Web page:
A record number of people have been shopping online this holiday season. The holidays are a time when people increasingly communicate with family and friends with always-connected devices. NPR has published a recent article referencing Mozilla’s “Privacy Not Included” guide, which reviews Internet-connected products based on the privacy features they provide. We recommend you read the article and check out the guide before you buy that newest must-have gift for friends and family.
We continue to make rapid advances in technology and we are spending more and more of our time online performing tasks that used to chain us to our computers at home. While we experience the freedom and increased productivity this brings, we need to be aware that we are increasingly exposing ourselves to possible attack over the internet. With much more powerful cell phones than even a decade ago, it’s become commonplace for most of us to bank and pay bills online, communicate with family, check our email, read news, and frequent social media sites.
It used to be that you only had to worry about security on your home network, but those times are long gone. Before we had faster cellular data speeds like 3G and 4G, users had to rely on public Wi-Fi. It used to be you’d have to go to a coffee shop or a hotel to find reliable(ish) Wi-Fi, but now you can hop on at most restaurants, retail stores, and even some outdoor public places. Most people don’t question connecting to these networks and don’t think about the digital trail they leave behind. Since we are doing so much more of our business––both personal and personal––on the go, how do we secure ourselves from malicious actors?
One of the easiest ways to enhance our personal network security, short of not jumping on public Wi-Fi at all, is to use a virtual private network, or VPN. Think of a VPN like a tunnel on the information superhighway, to use an old term. Using a VPN puts your data inside that tunnel so that nobody can see it, with the possible exception of the VPN provider (often your data is encrypted from the VPN provider as well). If, for example, you’re on a public network and someone was able to hijack the network and see all of the traffic, your activity would not be seen by the hacker because everything you send and receive through a VPN is in an encrypted tunnel.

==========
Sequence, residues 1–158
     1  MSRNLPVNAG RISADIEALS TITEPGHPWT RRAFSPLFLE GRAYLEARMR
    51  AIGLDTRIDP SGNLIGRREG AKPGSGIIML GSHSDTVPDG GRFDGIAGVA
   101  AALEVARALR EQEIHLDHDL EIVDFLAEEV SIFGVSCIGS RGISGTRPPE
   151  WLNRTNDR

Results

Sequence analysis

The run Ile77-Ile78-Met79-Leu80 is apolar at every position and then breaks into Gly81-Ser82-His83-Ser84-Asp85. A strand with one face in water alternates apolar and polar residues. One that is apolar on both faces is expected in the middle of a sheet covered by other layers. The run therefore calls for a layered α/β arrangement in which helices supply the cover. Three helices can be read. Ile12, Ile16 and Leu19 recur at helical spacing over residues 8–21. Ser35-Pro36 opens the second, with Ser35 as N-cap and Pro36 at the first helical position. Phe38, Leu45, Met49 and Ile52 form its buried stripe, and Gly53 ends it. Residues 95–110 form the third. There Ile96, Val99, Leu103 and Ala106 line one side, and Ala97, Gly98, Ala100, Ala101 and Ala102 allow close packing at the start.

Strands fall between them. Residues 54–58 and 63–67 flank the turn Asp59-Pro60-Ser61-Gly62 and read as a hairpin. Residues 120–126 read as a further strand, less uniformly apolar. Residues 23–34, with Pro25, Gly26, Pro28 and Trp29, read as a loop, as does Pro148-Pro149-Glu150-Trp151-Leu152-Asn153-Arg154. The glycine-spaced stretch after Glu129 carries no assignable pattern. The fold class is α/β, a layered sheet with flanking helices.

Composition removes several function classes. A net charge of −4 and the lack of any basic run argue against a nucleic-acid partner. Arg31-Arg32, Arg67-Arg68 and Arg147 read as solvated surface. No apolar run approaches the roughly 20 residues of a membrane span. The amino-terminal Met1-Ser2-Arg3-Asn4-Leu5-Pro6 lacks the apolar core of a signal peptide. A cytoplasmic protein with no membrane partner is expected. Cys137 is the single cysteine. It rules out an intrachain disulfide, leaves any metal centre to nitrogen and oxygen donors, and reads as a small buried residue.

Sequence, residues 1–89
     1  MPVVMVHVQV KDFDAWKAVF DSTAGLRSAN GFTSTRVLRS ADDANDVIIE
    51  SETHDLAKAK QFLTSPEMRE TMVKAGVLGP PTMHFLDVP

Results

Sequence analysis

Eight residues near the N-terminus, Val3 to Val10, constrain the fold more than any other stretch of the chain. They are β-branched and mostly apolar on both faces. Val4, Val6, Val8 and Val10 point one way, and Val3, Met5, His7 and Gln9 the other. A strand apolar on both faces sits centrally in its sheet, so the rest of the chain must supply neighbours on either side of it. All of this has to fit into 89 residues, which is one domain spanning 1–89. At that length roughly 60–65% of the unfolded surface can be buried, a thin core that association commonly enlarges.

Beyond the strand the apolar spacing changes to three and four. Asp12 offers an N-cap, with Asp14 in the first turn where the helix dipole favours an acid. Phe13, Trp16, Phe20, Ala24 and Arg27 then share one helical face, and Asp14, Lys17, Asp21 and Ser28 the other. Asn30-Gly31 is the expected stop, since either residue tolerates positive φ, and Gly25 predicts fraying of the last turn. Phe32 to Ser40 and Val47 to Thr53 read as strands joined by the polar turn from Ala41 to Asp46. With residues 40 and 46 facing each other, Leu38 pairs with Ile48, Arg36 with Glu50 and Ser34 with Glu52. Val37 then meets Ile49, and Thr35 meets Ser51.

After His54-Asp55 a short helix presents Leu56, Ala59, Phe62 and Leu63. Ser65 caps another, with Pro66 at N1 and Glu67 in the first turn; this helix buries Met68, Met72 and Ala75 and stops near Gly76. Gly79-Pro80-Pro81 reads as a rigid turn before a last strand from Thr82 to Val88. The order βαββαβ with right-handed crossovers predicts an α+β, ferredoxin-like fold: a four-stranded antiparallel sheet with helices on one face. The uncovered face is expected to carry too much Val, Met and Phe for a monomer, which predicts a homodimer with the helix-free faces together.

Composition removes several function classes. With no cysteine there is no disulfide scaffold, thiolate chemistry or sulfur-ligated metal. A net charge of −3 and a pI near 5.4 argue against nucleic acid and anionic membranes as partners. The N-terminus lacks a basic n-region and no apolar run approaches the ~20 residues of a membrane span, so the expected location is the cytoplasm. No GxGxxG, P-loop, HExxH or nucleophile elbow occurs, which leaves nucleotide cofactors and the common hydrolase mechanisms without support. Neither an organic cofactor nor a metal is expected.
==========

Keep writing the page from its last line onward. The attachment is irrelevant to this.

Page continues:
Many online banking services and other activities of a more sensitive nature use HTTPS security on their sites which does encrypt activity between you and the website, but a hacker could still monitor what sites you are visiting even if they couldn’t see what data you are transmitting. More websites are using HTTPS, but it’s still a good idea to use a VPN in addition to secure browsing. A VPN hides and encrypts all network data traffic, not just web browsing.
There are free options when choosing a VPN, but you want to make sure the app you use is from a company you trust. Paid VPN apps exist as well; one app that is particularly easy to set up and use is Encrypt.me, formerly Cloak VPN. Setup is fairly straightforward, you can use it on multiple devices (e.g., phones, desktops, laptops, etc.) with one subscription, and you can set the app up to automatically connect to untrusted networks and add any trusted networks like your home network or a friend’s house, for example, to a list of networks that the app can ignore. The app has different tiers and pricing depending on your needs; you can even purchase a week or month long pass for trips.
No matter which VPN you choose (there are many!), make sure that you do your homework and read many reviews until you know you can trust the provider and that the app is easy for you to use. You can almost always try the app out for a trial period to see how you like it and see if it suits your needs.